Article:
Shrimp and chive tortellini with sake beurre blanc
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Shrimp and chive tortellini with sake beurre blanc


Susan says

This Chinese-Italian-Fren­ch-Japanese dish is slightly more complex than my usual recipes.

The filling is a classic Cantonese pairing of shrimp and chives (use flat, green Chinese chives, which are strongly flavoured, not the more delicate, mild type, Allium schoenoprasum, used in European dishes), and the round wrappers are what you would use for sui gau (boiled dumplings). The dumplings are made into a shape used for Italian tortellini and some types of Korean mandu. The beurre blanc is a traditional French emulsified sauce that goes well with seafood, but here we make it with sake rather than white wine. Confused? Never mind, just try it - the dish is delicious.

Use fresh shrimp, not frozen, for this dish. It takes some time to peel the shrimp, but the results are worth it.


For the tortellini
600g (21oz)
fresh shrimp (with bodies about 8cm/3¼in long), to yield at least 250g (9oz) shrimp meat
80g (2¾oz)
green Chinese chives (use the flat chives, not the flowering chives, which are tougher)
3/4tsp, or to taste
fine sea salt
10ml (2tsp)
sake or Chinese rice wine (or substitute dry sherry)
finely ground white pepper
sui gau pei (thin, round dumpling wrappers)
cooking oil, for coating the tortellini
For the sake beurre blanc
5ml (1tsp)
cooking oil
small shallot, peeled
60ml (¼cup)
sake or Chinese rice wine (or substitute dry sherry)
120g (4¼oz)
unsalted butter, chilled
fine sea salt
To garnish
a few fresh Chinese chives
small greens such as nasturtiums, pea shoots or shiso leaves

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Remove the heads and shells from the shrimp. Slit the shrimp down the back and remove the vein. Use a sharp chef’s knife to hand-chop the shrimp into very small pieces. Do not use a food processor – you want texture in the filling, not a purée. Put the chopped shrimp in a bowl.


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Cut the chives into 3mm (⅛inch) pieces and add them to the bowl. Sprinkle the salt over the shrimp and chives, then add the sake, white pepper and cornstarch. Mix thoroughly, then cover the bowl with cling film and refrigerate for at least an hour so the mixture firms up.


Shape the tortellini. Pour some water into a small dish (this is for dampening the edge of the wrappers, so it adheres). Line a flat baking dish with parchment or cling film. Place the stack of dumpling wrappers on a plate.


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Put a spoonful of the shrimp/chive mix­ture in the centre of a dumpling wrapper. With your fingertip, very lightly dampen the edge of half of the wrapper. Fold over the other half of the wrapper so it covers the filling, pressing out as much air as possible. Press on the edges of the wrapper so the filling is securely enclosed. Dampen one corner of the wrapper then bring the other side over. Firmly press the two corners together so they adhere. The dumpling should be plump, but not overfilled, or it might burst. Place the dumpling on the baking tray and use the remaining filling and wrap­pers the same way; this makes about 40. Place the tortellini slightly apart on the baking tray so they are not touching. After shaping all the tortellini, place the tray in the fridge while making the sake beurre blanc.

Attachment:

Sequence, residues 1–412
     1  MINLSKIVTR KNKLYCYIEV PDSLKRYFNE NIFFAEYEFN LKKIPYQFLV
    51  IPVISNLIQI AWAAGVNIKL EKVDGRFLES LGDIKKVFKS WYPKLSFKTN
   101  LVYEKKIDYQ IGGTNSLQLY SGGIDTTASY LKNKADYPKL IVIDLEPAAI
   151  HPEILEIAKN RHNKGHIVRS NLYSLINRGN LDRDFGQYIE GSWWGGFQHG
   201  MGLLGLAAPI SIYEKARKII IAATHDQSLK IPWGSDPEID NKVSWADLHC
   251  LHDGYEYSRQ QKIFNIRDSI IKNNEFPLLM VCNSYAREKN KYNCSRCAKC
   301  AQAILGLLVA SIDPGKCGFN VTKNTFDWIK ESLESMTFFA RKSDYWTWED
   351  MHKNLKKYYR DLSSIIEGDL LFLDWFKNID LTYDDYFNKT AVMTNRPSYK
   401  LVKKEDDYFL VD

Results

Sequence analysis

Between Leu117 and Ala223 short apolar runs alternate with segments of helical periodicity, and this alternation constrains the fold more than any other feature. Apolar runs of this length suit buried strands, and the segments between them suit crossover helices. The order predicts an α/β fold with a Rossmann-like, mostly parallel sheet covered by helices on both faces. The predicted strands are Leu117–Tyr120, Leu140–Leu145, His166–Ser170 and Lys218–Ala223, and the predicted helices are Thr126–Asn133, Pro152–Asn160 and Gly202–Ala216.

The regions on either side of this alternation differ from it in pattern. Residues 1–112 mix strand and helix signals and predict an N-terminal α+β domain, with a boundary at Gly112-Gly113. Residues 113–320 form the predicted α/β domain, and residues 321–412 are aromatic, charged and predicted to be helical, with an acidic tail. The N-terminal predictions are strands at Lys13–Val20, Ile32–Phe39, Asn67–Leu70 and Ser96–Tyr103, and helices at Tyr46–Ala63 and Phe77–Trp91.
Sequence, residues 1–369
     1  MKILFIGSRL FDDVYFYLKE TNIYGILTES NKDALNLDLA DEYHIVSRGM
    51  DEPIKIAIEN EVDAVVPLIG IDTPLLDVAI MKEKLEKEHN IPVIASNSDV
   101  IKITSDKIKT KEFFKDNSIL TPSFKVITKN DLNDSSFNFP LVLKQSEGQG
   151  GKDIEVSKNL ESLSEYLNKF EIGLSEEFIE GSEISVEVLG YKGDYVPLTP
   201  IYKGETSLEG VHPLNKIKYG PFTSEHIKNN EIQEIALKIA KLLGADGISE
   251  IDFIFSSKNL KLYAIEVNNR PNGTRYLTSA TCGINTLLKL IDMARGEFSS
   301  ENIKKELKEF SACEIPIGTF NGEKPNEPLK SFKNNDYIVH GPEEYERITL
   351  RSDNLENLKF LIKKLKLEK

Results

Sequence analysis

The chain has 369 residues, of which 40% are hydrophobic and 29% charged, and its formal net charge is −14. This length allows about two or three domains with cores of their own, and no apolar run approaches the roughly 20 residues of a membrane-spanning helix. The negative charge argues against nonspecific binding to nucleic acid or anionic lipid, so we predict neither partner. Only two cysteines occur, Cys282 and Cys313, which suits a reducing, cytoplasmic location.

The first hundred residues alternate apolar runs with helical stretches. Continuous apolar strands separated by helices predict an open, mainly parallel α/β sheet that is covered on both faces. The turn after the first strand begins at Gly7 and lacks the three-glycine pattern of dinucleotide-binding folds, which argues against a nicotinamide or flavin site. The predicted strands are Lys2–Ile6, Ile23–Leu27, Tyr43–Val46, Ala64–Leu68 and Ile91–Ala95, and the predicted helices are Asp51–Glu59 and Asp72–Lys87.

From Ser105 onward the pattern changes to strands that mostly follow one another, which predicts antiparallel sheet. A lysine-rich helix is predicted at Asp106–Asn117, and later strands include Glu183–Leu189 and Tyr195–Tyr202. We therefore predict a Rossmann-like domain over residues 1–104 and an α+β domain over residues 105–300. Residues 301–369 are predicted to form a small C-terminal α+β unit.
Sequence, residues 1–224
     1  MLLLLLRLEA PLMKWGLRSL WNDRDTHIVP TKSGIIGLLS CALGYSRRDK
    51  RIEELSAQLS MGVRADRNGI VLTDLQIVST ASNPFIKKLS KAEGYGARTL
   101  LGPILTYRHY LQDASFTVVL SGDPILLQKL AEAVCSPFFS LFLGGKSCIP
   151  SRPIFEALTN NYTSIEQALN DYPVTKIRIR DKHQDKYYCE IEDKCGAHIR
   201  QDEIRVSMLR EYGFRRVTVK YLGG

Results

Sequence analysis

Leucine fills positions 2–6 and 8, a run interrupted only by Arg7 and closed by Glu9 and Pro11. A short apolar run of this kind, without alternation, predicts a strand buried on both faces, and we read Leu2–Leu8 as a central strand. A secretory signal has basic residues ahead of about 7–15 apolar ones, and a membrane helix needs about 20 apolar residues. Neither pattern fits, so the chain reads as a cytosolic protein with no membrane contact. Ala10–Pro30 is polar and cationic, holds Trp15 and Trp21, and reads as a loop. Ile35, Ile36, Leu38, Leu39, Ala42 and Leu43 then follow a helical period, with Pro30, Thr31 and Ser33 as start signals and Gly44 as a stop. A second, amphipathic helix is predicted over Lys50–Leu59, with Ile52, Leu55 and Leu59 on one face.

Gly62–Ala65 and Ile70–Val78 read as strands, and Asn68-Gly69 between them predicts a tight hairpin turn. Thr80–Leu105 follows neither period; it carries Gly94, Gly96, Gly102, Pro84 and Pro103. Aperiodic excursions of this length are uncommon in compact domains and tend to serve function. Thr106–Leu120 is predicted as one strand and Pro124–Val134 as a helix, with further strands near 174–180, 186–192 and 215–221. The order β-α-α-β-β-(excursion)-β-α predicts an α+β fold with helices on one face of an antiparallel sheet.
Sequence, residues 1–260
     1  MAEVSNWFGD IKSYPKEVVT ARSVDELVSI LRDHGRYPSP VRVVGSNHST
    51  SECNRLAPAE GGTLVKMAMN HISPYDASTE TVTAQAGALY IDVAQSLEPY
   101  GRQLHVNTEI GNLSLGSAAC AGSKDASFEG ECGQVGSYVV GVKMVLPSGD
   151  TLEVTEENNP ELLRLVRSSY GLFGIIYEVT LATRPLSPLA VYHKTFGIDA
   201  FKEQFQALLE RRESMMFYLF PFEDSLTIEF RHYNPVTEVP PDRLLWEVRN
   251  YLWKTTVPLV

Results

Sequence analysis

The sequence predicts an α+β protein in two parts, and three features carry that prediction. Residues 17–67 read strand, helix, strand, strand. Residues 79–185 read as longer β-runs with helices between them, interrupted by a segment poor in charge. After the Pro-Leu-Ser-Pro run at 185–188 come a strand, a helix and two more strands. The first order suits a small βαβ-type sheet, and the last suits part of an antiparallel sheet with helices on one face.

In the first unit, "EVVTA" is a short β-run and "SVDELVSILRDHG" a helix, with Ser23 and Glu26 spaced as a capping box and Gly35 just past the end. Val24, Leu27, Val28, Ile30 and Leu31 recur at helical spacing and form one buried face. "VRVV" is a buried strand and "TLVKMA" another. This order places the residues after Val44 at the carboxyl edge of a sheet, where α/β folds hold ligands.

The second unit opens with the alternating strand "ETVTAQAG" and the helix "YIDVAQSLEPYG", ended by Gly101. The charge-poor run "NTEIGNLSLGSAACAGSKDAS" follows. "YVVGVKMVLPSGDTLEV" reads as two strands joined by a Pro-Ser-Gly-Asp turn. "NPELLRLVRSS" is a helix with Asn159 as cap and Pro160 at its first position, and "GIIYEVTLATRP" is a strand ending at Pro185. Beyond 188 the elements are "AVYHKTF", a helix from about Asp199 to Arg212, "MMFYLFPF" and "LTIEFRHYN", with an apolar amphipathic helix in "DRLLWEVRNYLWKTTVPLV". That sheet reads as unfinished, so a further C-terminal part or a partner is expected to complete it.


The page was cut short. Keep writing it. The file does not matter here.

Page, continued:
Fill a pot of lightly salted water and place it over a high flame so it's ready to boil the tortellini by the time the beurre blanc is ready.


Finely mince the shallot. Cut the chilled butter into 5mm (¼in) cubes. Heat the oil in a small pan placed over a low flame. Add the shallot and a light sprinkling of salt, then cook until the shallot starts to soften. Stir in the sake and increase the heat to medium. Simmer the sake until it reduces to about 10ml (2tsp). Turn the heat to low and, whisking constantly, start adding the butter one or two chunks at a time. Whisk until almost all the butter is melted and emulsified into the liquid, before adding another one or two chunks of butter. Whisk constantly and don’t add the butter too quickly or the emulsion will break (the fat will float to the surface). After adding all the butter, the sauce will be light and cohesive. Turn off the flame and taste the sauce, adding salt, if needed.


When the water is boiling, start cooking the tortellini. Add about a dozen of the tortel­lini to the boiling water. They will sink to the bottom of the pot, then eventually float to the surface. Stir them occasionally so they don’t stick to each other. After they float to the surface, cook them for about 30 seconds, then taste one to check if the filling is done. Use a large, flat slotted ladle to scoop the tortellini from the water. Drain them briefly in a colander, then blot them gently with paper towels. Put them in a bowl and drizzle very lightly with oil. Mix gently so the tortellini are lightly coated. (If you don’t do this, the tortellini will stick to each other.) Cook the remaining tortellini the same way.


Place the tortellini on individual plates and spoon the beurre blanc over them. Mince the chives and scatter them over the tortellini, then garnish with the greens. Serve immediately.


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